Jewish World Review Sept. 5, 2001 / 16 Elul, 5761

English milk cows prefer Beethoven and Simon & Garfunkel over Bananarama

By Robert A. Wascher, M.D., F.A.C.S. -- The journal Science recently reported that psychologists at the University of Leicester have studied the effects of different music styles on milk cows. The Holstein cows were divided into three groups during the daily 5 AM to 5 PM study periods: Fast music (120 beats per minute) every day, slow music (100 beats per minute) every day, and no music at all. Cows listening to Beethoven's Pastoral Symphony or Simon & Garfunkel's "Bridge Over Troubled Water" produced 3% more milk than cows not listening to any music. However, cows subjected to Bananarama's version of "Venus" produced slightly less milk than the cows not listening to music!

Reportedly, the authors of this study plan to measure stress hormone levels in cows as they listen to various styles of music, in an attempt to correlate reduced milk output with chronic stress induced by edgy tunes. They also have plans to study the effects of music on chickens, with the hypothesis that egg-laying will be enhanced by having the chickens listen to soothing music.

The National Cancer Institute (NCI) is looking for a few good men for its Selenium and Vitamin E Cancer Prevention Trial (SELECT). This new study is expected to enroll more than 32,000 volunteers at more than 400 sites in the United States, Canada, and Puerto Rico. The impetus for this study follows the mixed results from two previous cancer prevention trials. The first trial looked at the effects of mineral selenium in the diet on the incidence of non-melanoma skin cancer.

While selenium appeared to have no effect on the incidence of skin cancer, a 60% reduction in the expected incidence of prostate cancer was identified. Similarly, a Finnish study on the effects of beta carotene (a form of Vitamin A) and Vitamin E on lung cancer development showed absolutely no benefit in terms of preventing lung cancer (in fact, beta carotene supplements actually appeared to increase the incidence of lung cancer in smokers!).

However, a 32% reduction in the incidence of prostate cancer was identified. Prostate cancer will be diagnosed in nearly 200,000 American men this year, killing an estimated 32,000 of them. Known risk factors for prostate cancer include age greater than 55, having a father or brother with prostate cancer, or being an African American. To participate in this study, volunteers must be 55 or older (or 50 or older for African American men), must not have had any previous cancer except for non-melanoma skin cancer, and must be in generally good health. Men interested in participating can call 1-800-4-CANCER, or log on to the NIH Web site at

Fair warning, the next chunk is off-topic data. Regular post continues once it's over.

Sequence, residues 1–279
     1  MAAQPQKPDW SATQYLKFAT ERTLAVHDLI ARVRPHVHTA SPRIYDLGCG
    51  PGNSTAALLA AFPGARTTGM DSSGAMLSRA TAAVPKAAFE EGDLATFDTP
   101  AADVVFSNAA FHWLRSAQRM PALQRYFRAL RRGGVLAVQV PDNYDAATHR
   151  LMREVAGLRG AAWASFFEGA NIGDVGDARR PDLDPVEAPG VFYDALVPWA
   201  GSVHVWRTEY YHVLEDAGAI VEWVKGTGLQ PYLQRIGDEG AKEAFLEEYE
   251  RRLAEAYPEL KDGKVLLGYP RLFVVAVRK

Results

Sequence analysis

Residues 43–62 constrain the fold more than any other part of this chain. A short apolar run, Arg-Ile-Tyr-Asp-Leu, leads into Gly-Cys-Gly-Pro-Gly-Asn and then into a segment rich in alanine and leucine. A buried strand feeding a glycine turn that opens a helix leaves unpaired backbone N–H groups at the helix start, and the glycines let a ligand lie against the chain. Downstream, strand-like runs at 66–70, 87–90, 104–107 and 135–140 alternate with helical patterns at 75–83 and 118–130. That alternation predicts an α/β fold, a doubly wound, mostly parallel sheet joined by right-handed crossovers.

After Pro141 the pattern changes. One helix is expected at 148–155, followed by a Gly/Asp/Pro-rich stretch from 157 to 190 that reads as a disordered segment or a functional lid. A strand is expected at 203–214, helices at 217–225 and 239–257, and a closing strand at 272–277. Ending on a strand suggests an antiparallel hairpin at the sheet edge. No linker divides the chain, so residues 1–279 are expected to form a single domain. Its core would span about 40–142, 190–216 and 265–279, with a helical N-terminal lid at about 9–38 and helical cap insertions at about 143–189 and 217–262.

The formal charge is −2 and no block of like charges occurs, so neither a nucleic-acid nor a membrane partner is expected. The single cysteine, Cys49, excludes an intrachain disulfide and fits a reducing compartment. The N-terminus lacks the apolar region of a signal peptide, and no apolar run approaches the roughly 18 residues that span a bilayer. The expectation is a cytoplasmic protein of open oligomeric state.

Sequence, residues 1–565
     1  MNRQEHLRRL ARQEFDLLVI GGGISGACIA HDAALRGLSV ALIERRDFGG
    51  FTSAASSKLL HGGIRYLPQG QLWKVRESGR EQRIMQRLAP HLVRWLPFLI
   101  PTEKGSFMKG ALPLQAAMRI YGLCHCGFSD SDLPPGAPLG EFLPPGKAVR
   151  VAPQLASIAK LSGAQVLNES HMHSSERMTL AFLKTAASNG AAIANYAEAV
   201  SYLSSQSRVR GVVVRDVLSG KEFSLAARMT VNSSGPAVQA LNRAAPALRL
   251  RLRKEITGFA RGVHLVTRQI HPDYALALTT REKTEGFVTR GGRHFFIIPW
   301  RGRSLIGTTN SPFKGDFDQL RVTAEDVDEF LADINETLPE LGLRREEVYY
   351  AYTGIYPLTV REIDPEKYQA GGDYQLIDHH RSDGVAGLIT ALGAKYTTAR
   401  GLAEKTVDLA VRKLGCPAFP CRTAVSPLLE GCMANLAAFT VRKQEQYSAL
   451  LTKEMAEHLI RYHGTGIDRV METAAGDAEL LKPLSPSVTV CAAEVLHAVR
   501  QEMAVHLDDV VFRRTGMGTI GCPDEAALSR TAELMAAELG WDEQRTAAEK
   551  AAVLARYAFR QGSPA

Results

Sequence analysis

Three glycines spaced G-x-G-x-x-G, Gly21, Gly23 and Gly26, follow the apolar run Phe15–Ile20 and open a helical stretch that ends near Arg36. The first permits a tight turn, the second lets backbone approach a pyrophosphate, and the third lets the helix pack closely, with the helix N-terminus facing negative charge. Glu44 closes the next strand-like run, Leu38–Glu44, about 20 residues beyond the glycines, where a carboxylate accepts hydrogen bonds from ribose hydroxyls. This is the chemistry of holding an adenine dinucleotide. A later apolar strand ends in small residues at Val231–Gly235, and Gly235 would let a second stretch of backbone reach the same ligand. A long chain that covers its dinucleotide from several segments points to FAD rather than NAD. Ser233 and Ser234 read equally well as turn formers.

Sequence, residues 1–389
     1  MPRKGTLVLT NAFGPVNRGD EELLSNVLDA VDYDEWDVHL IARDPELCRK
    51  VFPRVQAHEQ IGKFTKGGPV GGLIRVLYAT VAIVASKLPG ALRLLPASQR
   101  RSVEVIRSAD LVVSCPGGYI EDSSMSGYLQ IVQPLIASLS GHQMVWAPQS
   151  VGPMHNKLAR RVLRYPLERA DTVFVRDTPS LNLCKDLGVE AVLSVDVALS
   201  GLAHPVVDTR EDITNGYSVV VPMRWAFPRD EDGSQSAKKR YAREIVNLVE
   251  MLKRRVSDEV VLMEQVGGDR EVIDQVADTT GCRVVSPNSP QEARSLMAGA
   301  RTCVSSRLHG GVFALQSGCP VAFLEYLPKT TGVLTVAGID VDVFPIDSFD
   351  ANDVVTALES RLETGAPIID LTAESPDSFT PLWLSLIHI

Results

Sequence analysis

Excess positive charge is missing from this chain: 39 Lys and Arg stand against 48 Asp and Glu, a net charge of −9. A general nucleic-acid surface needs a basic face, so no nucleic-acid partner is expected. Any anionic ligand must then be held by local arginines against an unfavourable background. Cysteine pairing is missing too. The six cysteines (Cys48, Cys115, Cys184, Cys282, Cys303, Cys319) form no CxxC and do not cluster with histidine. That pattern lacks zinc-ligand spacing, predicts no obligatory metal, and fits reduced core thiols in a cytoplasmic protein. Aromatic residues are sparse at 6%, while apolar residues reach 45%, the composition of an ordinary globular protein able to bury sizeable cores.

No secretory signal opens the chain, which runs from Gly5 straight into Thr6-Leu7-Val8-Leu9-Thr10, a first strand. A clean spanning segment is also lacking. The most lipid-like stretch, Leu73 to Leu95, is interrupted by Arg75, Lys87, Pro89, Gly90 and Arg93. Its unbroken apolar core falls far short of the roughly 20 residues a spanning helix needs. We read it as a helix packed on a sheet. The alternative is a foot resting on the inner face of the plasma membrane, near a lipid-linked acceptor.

Type 2 diabetes, or adult onset diabetes, is strongly associated with obesity (more than 80% of diabetics are overweight), as well as a sedentary lifestyle, family history of diabetes, and ethnoracial background (compared with Caucasians, Hispanic people have a 90% greater risk of diabetes and African Americans have a 60% higher risk). There has been a dramatic increase in the incidence of obesity in the United States over the past 2-3 decades. Not surprisingly, the incidence of diabetes has tripled during the same period.

Diabetes can cause a variety of serious complications, including kidney failure, loss of vision, accelerated blood vessel disease (which can, in turn, lead to the loss of the toes, feet and legs), and an increased susceptibility to infection.

There are a number of medical treatments for diabetes, including diet modification, oral medications, and injectable insulin. One of the most commonly used oral mediations to treat diabetes is the drug metformin (also known as Glucophage). The results of a study of 3,234 people at high risk for developing type 2 diabetes were recently reported by the National Institutes of Health. Patients were randomized into three different groups.

One group received the drug metformin. A second group undertook major lifestyle changes, including a low-fat diet and exercise for 150 minutes a week.

A third "control group" received sugar pills ("placebo") and no other intervention. A total of 29% of the control group patients developed diabetes during the study, while 22% of the group receiving metformin developed diabetes. Most dramatic were the results of the "diet and exercise" group: only 14% of patients in this group developed overt diabetes! What is most impressive about this study is that the overweight patients in the diet and exercise group lost only, on average, 7% of their body weight (15 pounds, on the average) on a low-fat diet, and they indulged in only a moderate program of exercise: about 30 minutes a day, five days a week!

The results of this study, once again, confirm the relationship between obesity and inactivity on the incidence of type 2 diabetes. This study also confirms that even modest-to-moderate changes in diet, activity level, and weight can dramatically reduce the incidence of diabetes, even in patients already at high risk for developing diabetes.

JWR contributor Dr. Robert A. Wascher is a senior research fellow in molecular & surgical oncology at the John Wayne Cancer Institute in Santa Monica, CA. Comment by clicking here.


08/28/01: Arthritis drugs may be linked with increased risk of heart disease; errors in blood clotting tests can be fatal; infant soy formula not associated with reproductive side effects

© 2001, Dr. Robert A. Wascher